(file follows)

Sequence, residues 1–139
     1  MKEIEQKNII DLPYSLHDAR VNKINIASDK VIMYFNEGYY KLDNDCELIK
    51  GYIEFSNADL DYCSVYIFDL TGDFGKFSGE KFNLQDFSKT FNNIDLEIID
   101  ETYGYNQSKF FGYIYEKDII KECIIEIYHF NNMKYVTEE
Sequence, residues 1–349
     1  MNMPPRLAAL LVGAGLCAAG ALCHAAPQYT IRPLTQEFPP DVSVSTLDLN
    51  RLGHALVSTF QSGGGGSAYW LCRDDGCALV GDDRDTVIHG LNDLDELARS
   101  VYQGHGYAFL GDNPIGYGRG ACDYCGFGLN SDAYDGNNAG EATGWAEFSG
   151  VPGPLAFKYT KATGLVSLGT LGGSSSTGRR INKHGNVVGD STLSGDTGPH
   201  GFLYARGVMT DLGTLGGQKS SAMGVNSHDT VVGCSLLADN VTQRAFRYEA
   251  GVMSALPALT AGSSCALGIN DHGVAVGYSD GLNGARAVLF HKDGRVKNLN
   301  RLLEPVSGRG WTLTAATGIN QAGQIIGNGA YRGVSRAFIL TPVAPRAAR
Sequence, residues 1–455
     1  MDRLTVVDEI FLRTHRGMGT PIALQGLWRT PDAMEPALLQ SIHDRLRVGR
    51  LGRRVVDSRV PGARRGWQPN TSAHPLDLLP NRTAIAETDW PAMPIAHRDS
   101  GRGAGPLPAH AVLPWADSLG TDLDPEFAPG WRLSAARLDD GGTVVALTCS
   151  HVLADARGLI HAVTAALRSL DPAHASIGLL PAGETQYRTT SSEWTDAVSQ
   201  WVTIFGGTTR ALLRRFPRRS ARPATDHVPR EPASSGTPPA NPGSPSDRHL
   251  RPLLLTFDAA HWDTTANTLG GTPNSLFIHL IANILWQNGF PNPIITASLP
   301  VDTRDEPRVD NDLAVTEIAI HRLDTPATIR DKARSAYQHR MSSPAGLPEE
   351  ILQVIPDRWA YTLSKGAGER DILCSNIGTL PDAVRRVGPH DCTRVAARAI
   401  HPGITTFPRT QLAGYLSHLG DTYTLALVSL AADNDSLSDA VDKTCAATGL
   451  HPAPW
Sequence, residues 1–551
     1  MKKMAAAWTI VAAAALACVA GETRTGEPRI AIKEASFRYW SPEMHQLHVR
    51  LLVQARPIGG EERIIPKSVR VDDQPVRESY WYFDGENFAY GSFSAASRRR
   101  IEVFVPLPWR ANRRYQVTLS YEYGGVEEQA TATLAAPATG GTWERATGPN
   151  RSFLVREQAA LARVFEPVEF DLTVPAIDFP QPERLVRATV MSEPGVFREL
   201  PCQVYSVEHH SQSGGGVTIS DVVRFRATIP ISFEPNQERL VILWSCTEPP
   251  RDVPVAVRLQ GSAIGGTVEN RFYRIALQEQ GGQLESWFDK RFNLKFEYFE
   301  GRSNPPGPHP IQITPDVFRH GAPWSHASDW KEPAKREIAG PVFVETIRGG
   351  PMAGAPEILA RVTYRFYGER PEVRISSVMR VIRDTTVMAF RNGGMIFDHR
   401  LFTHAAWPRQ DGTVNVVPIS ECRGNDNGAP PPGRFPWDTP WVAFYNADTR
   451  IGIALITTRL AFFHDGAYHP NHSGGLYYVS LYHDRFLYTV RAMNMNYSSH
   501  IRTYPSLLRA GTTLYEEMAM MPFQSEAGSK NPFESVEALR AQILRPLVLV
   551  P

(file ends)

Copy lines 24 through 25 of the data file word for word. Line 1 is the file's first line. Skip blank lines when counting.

Sequence, residues 1–551
     1  MKKMAAAWTI VAAAALACVA GETRTGEPRI AIKEASFRYW SPEMHQLHVR